More Superversion

Another link to an essay worth reading. The inestimable Josh Young, who often comments here, responds to the Superversive Literary Counterinsurgency mission statement by hoisting the banner of the Red Cross Knight alongside ours, and leveling a broadside from the ironclad of his worldview.

http://thebadgercontemplates.wordpress.com/2014/11/26/on-the-superversive-a-science-fiction-credo/

I say only, hear, hear and I say amen.

Here is an excerpt

It’s not going to come as a surprise to anyone that knows me that I like my stories dark. I like my stories to be nailbiters, heroes fighting against all odds. I like my stories rough, and I want my heroes to suffer a bit. I’m not opposed to killing a beloved character, if that character’s death has meaning in some form or another.

“Meaning” doesn’t necessarily have a point to it, incidentally. There doesn’t have to be a moment of “He died so that we could live!” But compare the death of Macross/Robotech‘s Roy Fokker and Firefly/Serenity‘s Wash. Roy’s death, meaningless and stupid, came in the middle of a war, and narratively, told us this show wasn’t going to promise us that our heroes would make it out unscathed. Wash’s death came randomly and pointlessly, during a moment of relief and without context, just to remind us that Joss Whedon likes to make us cry.

Thing is, even in all these dark stories, I want heroes, light, and hope. One of the things that Jagi and the Superversive folk is the pointless nihilism of literature. There’s a sense you get, reading a lot of modern lit, that life sucks and nothing has meaning. Nothing will ever have meaning. (Jagi talks about Steinbeck, whom I have not read, but I got the cliffnotes version of while watching The Middle. It matched Jagi’s experience.) Even if I didn’t already prefer my stories to have spaceships and laser guns, that sort of thing would drive me away from mainstream lit.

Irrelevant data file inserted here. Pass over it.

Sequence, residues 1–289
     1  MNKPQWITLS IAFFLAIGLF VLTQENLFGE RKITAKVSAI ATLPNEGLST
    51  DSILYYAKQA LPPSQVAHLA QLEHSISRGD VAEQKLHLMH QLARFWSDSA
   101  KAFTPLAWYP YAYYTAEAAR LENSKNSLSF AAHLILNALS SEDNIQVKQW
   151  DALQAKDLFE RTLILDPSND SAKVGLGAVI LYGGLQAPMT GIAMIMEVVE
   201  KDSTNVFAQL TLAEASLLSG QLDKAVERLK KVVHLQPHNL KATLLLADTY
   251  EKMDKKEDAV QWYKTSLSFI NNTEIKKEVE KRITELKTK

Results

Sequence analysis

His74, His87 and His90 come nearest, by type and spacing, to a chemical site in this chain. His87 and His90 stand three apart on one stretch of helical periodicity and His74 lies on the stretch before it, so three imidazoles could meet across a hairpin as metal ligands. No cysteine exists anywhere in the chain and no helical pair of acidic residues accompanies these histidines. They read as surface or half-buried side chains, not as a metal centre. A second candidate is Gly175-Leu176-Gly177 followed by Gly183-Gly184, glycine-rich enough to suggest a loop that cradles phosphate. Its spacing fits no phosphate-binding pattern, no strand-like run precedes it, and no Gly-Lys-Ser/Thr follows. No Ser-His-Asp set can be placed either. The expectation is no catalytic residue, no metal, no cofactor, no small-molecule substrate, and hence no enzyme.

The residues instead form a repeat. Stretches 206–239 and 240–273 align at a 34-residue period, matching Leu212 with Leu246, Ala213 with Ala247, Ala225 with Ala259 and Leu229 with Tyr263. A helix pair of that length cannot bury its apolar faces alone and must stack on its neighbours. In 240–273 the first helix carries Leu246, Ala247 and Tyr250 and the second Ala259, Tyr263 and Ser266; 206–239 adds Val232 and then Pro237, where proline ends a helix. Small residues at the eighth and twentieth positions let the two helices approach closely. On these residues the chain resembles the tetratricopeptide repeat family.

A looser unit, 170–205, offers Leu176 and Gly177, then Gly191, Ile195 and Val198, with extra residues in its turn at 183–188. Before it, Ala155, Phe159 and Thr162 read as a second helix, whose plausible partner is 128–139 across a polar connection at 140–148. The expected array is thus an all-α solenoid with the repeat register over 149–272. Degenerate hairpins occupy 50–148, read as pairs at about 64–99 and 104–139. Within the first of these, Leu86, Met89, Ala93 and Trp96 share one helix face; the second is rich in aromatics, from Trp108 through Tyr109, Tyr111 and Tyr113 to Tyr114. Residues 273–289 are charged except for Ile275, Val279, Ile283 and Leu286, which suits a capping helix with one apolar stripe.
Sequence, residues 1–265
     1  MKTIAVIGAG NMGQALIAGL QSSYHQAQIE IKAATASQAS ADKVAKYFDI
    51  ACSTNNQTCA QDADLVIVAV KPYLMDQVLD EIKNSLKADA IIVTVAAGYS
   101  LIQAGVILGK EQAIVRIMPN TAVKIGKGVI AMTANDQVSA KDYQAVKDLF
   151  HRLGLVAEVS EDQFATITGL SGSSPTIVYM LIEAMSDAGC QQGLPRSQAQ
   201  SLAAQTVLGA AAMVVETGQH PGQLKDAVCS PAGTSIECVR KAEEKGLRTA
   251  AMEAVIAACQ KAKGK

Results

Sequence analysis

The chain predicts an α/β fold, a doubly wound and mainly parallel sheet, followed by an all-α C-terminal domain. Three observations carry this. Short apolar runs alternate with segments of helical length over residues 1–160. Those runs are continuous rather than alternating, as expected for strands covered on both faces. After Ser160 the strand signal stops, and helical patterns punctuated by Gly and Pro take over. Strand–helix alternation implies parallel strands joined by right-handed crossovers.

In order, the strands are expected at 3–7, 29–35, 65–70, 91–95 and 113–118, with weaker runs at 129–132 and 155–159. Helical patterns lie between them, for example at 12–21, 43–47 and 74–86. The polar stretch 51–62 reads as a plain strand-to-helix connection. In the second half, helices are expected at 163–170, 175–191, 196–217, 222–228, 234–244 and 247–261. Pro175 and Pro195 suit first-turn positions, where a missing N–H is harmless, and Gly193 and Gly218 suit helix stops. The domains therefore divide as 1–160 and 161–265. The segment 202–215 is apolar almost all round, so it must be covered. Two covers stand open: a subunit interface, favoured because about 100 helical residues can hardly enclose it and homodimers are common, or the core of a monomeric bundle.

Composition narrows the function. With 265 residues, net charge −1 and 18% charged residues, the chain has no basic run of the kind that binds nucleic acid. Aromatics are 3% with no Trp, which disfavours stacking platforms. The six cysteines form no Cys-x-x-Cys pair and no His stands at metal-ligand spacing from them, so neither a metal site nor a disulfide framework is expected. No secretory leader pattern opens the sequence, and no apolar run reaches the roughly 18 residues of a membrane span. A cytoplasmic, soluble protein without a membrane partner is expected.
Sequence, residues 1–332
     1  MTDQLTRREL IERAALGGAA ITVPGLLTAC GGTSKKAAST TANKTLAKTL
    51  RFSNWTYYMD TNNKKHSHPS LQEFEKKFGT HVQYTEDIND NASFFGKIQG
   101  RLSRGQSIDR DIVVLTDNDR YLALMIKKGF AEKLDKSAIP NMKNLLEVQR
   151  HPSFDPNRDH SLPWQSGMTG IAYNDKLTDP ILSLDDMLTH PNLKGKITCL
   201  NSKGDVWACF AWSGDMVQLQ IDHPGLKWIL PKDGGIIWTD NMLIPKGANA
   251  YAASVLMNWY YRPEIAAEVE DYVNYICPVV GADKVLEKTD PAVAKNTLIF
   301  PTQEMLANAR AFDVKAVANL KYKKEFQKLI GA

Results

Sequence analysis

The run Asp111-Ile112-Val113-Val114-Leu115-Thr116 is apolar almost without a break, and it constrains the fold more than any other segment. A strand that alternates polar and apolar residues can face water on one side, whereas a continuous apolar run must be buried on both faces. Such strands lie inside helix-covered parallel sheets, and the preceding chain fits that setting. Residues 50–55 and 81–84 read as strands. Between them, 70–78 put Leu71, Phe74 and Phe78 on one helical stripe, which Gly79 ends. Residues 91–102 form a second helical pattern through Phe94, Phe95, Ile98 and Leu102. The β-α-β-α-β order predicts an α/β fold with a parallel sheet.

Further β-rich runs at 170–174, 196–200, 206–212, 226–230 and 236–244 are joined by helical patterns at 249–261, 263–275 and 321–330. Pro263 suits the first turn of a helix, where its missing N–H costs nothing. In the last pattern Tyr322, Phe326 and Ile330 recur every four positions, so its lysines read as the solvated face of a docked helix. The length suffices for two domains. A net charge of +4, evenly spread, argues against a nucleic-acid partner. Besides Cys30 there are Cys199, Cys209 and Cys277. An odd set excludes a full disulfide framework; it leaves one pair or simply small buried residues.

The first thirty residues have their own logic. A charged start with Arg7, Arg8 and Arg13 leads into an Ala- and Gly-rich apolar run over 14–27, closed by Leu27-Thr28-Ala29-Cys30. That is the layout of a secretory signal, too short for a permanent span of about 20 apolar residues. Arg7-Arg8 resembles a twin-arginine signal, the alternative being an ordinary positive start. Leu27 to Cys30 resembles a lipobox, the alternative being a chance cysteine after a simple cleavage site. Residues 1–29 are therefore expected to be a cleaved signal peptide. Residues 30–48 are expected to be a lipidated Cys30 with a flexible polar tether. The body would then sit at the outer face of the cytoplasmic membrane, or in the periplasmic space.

Some folks would claim it’s escapism, that the nihilism of mainstream lit is the reality– and, well, I won’t spoil it for you, but read Jagi’s entry. She has some things to say about that. As a Christian and a seminarian I have to remind you that it is far, indeed from the truth. Our book tells us that things are dire and deadly and will get worse, but that, in the end, there is triumph, does it not?

It’s an interesting thing, and I keep trying to get a handle on it: but in a lot of ways, science fiction and theology feel very much the same when you dive into them.

My comment: he has a story coming out in the next issue of Sci Phi Journal , so buy it and support him and them, please.

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